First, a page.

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Monday, August 8, 2022

Music

Houston Symphony makes the price right for students


Houston_Symphony

To increase student turnout The Houston Symphony is now offering special student priced tickets all year round. With a simple click the reasonably priced tickets can be easily obtained. | Courtesy of Wikimedia Commons

Enticing students to classical music performance can be a difficult task, but the Houston Symphony is hoping to overcome students’ hesitation by making an offer that they simply cannot refuse.

“We created this program in an effort to make our concerts more accessible to students,” said 24-year-old Austin Dressman, a marketing and public relations assistant for the Houston Symphony.

“We recognize attending an arts performance is not the cheapest endeavor, but it’s something that is so important for people our age.”

Students are now able to purchase tickets online for $15 up to a week in advance using the promo code STUDENT. This is a change from previous seasons, when student rush tickets were only available half an hour before each performance at the box office.

“Whenever I go to the Houston Symphony, I make sure to purchase student tickets. I cannot recall a time that I paid full price for a ticket since I started college,” said saxophone performance and music education senior Evan Withner.

Students can also purchase a $50 Student Pass, which allows them to attend as many as desired of the season’s six “pops,” or popular music, concerts and 18 classical concerts.

“The Student Pass in particular is an amazing way to experience everything the Houston Symphony has to offer for one affordable price,” Dressman said.

“It’s nearly our entire season for the price of one ticket.”

Tickets acquired with the passes may be picked up at will call less than an hour and a half before the concert begins, but sooner is better — this pass guarantees a ticket for the best available seat in Jones Hall.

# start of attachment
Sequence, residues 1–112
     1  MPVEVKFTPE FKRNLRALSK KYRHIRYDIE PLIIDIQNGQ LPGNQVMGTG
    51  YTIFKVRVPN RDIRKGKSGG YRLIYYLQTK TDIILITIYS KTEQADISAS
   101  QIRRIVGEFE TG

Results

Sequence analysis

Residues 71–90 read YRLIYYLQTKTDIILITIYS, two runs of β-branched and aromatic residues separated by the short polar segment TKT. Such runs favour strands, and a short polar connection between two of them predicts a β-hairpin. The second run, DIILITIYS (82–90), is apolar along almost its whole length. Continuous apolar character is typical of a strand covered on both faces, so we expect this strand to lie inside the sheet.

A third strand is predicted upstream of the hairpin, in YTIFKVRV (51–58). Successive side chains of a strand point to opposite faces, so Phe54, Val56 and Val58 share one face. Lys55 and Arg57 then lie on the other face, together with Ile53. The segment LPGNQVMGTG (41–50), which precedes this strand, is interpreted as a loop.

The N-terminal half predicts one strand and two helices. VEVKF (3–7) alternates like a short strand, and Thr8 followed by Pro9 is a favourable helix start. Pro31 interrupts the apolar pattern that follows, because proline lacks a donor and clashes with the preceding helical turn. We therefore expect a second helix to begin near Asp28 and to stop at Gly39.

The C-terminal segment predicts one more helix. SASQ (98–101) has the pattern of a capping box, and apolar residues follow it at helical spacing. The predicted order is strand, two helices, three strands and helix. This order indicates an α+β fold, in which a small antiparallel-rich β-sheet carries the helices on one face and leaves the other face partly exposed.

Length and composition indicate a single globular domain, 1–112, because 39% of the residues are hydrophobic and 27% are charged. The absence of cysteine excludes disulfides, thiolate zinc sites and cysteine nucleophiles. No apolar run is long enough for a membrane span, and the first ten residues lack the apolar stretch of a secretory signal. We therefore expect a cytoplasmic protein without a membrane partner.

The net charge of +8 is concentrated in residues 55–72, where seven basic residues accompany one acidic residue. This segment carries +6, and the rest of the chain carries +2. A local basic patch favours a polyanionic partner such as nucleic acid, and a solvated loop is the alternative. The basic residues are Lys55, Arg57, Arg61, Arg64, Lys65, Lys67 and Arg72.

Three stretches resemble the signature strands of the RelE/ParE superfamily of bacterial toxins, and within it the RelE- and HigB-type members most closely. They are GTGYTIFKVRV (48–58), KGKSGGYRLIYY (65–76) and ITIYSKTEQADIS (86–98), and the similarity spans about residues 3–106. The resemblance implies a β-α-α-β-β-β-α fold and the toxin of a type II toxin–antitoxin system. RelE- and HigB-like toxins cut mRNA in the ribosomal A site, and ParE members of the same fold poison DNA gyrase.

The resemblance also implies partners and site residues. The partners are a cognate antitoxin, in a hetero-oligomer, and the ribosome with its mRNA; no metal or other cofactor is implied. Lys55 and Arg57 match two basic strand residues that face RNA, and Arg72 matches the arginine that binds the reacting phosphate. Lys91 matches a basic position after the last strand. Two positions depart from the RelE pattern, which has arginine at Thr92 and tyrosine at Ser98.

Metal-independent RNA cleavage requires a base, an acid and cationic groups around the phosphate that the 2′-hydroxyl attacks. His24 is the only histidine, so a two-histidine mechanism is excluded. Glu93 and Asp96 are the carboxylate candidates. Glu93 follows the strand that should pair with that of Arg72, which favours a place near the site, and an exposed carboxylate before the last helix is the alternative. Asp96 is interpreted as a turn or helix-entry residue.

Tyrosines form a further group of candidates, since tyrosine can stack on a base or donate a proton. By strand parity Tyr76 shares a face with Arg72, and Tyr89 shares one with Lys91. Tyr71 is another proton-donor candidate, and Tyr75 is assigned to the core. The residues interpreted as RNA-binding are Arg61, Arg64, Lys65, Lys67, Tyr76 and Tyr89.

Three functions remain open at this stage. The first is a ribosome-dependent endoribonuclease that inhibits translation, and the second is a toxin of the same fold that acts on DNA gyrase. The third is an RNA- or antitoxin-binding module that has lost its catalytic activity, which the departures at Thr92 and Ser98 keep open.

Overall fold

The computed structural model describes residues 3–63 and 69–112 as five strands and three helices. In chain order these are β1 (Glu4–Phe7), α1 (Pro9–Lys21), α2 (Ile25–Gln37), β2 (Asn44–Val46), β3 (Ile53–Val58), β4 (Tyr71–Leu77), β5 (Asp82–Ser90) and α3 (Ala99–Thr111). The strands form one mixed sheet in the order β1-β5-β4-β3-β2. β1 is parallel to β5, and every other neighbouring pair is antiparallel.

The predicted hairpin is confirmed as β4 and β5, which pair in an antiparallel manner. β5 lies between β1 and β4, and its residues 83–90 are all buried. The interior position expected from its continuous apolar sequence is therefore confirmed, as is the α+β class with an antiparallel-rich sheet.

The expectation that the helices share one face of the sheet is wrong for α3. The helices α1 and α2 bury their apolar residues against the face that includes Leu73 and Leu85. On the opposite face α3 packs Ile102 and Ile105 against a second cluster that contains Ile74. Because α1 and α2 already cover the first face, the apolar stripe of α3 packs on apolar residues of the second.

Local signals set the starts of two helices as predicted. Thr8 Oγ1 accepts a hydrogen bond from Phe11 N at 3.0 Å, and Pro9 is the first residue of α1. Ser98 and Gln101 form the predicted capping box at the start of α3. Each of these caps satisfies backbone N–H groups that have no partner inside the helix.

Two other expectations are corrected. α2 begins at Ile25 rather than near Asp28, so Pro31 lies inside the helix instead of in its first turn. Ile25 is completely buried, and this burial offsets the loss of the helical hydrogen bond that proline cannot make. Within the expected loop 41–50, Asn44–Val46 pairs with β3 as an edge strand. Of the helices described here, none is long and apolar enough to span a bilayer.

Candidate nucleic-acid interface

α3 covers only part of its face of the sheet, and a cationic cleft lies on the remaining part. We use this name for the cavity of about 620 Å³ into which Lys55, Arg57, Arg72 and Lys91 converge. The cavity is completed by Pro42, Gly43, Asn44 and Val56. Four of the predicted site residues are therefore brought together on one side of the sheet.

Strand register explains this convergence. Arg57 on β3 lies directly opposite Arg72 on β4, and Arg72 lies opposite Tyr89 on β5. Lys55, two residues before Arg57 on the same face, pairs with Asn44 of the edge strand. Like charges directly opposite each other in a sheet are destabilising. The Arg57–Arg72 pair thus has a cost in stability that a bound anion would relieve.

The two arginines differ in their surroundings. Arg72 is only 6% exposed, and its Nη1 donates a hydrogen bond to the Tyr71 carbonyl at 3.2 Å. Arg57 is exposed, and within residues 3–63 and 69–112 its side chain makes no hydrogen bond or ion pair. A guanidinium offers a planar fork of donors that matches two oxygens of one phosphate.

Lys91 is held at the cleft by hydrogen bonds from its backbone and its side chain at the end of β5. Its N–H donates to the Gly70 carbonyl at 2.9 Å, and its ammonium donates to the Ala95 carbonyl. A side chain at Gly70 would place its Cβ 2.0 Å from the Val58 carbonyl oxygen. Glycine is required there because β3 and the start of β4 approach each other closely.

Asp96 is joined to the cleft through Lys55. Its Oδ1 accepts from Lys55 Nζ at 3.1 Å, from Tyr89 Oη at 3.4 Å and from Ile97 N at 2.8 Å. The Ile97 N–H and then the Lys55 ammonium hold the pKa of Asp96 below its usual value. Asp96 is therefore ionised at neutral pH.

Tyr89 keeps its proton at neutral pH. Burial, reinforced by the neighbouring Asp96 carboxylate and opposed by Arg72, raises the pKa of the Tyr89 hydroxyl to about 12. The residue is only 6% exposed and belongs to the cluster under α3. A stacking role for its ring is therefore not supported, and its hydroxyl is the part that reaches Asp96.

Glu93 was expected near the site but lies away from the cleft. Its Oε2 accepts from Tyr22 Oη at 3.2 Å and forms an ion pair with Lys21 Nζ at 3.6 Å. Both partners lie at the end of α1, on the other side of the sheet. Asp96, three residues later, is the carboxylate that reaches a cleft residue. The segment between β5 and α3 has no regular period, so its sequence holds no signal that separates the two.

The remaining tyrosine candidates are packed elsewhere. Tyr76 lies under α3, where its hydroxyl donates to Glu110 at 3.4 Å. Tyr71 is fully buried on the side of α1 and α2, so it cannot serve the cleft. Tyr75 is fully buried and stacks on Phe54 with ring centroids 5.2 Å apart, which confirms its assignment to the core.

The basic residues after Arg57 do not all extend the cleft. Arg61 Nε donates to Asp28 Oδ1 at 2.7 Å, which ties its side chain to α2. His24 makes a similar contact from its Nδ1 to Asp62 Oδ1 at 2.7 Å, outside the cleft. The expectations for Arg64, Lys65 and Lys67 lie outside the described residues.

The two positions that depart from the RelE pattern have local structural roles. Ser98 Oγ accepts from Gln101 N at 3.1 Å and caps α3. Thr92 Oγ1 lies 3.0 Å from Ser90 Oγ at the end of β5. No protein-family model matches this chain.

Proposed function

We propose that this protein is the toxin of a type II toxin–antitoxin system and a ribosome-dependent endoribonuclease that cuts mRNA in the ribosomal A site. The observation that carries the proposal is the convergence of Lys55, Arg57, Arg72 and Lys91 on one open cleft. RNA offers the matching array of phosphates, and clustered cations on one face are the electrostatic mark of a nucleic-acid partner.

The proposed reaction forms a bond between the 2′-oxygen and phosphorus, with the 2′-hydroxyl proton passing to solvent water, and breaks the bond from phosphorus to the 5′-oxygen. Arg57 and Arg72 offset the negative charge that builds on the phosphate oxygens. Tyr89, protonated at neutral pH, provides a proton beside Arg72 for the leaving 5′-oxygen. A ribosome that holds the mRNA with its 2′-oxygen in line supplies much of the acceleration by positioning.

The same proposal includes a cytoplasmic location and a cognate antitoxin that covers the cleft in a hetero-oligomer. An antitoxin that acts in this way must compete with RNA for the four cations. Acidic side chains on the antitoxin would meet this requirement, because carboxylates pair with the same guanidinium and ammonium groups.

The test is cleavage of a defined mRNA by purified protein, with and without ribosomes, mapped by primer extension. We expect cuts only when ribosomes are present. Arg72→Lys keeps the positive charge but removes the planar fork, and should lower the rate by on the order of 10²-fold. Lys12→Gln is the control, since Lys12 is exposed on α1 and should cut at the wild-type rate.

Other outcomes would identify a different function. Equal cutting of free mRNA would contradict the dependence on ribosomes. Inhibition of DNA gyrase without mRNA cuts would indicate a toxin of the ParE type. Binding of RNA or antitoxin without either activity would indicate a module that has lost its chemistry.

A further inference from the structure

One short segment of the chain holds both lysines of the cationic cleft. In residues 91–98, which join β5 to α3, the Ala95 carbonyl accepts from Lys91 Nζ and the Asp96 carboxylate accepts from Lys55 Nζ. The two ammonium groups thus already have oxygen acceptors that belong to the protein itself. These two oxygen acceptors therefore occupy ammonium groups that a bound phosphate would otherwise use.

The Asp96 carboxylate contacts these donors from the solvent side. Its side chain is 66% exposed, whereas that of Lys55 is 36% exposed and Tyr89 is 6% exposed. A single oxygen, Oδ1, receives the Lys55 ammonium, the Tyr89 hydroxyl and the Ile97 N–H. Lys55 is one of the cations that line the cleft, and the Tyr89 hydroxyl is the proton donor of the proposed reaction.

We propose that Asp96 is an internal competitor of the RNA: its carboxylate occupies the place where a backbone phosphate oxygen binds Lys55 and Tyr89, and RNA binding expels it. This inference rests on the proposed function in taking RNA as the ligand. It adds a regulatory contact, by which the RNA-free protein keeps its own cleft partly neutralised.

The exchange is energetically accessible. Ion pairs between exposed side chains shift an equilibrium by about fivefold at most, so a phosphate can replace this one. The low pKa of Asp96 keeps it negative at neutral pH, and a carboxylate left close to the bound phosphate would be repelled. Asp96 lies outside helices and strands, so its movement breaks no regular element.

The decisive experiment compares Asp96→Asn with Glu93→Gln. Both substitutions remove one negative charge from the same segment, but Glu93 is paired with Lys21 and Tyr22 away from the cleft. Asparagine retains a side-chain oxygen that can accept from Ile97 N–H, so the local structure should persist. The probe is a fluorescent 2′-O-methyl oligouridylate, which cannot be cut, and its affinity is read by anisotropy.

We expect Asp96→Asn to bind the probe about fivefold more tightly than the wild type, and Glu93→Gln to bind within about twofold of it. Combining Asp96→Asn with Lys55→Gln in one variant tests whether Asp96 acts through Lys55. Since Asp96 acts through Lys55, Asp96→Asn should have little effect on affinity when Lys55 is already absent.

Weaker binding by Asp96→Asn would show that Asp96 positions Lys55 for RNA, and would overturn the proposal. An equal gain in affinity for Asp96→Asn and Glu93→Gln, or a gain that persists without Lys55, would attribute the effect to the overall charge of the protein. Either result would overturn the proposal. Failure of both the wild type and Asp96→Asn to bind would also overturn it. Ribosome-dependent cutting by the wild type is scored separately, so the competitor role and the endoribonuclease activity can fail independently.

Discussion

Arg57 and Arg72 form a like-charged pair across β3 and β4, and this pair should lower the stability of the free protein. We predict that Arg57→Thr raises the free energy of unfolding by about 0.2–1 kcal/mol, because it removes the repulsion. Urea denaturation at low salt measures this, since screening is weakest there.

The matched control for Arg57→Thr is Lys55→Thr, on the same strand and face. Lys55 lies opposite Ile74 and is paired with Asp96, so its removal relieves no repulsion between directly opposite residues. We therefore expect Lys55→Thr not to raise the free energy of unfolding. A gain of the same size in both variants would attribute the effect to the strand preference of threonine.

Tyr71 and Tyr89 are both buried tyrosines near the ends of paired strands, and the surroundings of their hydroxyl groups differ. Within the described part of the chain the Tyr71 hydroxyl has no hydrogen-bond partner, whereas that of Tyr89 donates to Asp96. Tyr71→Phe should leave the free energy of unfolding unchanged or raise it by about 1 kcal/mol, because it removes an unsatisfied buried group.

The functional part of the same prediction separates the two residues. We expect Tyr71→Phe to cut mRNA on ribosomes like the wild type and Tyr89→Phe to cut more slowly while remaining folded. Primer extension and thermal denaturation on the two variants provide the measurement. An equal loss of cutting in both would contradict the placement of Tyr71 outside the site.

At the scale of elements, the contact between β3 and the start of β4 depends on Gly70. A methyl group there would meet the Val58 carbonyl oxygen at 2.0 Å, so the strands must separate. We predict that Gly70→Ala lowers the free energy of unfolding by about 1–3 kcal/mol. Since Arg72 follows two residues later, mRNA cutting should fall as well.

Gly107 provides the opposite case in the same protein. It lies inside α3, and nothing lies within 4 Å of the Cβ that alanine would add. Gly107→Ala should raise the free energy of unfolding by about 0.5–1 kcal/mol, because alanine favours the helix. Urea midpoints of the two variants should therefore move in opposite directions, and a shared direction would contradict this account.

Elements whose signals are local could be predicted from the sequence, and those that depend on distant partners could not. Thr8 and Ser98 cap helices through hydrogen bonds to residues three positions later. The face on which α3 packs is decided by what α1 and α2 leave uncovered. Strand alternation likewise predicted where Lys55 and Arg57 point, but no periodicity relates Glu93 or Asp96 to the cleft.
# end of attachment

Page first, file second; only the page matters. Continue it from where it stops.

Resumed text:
The symphony also offers the Young Professionals Backstage program, which allows subscribers to buy ticket packages at discounted rates that include mixers, pre-concert refreshments, after parties, parking privileges and more.

YPB includes networking and volunteer opportunities for its members, including social events with symphony musicians.

“You get to connect to more than just music; you get to connect to staff, musicians, guest artists and other young professionals like yourself who share that experience,” said special events assistant and UH alumnus Tyler Murphy. “The programs are fun and exciting, and the evening get-togethers after are usually themed.”

The symphony as a whole is focused on engaging more of the Houston community.

“One of two goals we are currently pursuing is deeper outreach. Another one is artistic excellence,” said Sasha Potiomkin, clarinetist and bass clarinetist for the symphony.

“Besides playing many free concerts, many of us teach privately and give classes throughout Houston.”

Potiomkin also advocates educational collaboration between music students and the Houston Symphony in a less direct route.

“I think students need to be more proactive about approaching professional musicians,” Potiomkin said.

The Houston Symphony is using marketing campaigns like student ticket packages to appeal not only to future musicians, but also to young adults who will one day become regular patrons of the Symphony.

“(The Houston Symphony’s new marketing campaign) is at least focusing partially on young adults,”  Withner said. “I am very satisfied with the opportunities given to students, as money can be tight more often than not.”

Murphy pointed out the diverse approach to programming that the Houston Symphony’s new music director, Andrés Orozco-Estrada, has taken for the upcoming season.

“We offer a little bit of something for everyone,” Murphy said. “In this sense, we are both preserving the art form, but we also push it and excel it by performing new and contemporary works on major programs, like the premier work by (living composer) Gabriela Lena Frank alongside Beethoven(‘s Symphony No.) 5 (at our opening weekend) in September.”

The Houston Symphony is not just trying to provide chances for up-and-coming musicians to attend its concerts at an affordable price; the HSO is also keeping an eye on its own future.

“Students, young adults and young professionals are the future for organizations like ours, and we recognize that,” Murphy said. “So, we work to cultivate that love and appreciation by creating exciting, innovative groups for people to become a part of and to help shape the Houston Symphony experience now and in seasons to come.”

Visit houstonsymphony.org or call 713-224-7575 to purchase tickets, a student pass, YPB packages and more.

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